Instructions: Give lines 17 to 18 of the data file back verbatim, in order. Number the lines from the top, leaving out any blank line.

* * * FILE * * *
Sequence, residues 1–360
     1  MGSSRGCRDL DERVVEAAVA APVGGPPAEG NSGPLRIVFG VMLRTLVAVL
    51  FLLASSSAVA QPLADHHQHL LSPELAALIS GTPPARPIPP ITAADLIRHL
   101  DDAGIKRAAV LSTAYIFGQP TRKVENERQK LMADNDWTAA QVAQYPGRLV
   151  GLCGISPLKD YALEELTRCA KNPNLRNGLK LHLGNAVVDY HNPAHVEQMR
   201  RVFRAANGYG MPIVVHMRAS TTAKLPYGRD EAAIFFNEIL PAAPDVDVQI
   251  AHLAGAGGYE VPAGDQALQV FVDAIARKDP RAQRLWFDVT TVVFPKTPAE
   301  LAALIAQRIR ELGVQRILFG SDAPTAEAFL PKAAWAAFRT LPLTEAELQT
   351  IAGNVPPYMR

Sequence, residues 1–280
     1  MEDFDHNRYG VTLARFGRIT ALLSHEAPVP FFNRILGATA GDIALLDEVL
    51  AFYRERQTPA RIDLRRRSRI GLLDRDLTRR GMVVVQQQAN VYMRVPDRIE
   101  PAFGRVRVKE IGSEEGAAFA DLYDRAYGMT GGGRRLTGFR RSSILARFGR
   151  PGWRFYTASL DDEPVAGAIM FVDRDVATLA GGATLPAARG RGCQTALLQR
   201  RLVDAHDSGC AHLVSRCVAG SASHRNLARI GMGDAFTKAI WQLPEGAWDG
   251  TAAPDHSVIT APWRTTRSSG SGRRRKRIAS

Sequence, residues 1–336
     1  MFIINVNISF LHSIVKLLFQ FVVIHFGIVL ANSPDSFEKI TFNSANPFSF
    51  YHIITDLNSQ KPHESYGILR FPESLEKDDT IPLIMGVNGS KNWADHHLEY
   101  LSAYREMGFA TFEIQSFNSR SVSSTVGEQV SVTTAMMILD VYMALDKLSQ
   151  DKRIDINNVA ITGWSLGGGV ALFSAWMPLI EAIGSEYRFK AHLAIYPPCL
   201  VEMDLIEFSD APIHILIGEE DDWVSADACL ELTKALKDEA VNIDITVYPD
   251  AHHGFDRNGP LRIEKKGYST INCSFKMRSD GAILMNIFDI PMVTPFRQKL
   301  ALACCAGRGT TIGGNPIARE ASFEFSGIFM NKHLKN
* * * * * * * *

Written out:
Sequence, residues 1–336
     1  MFIINVNISF LHSIVKLLFQ FVVIHFGIVL ANSPDSFEKI TFNSANPFSF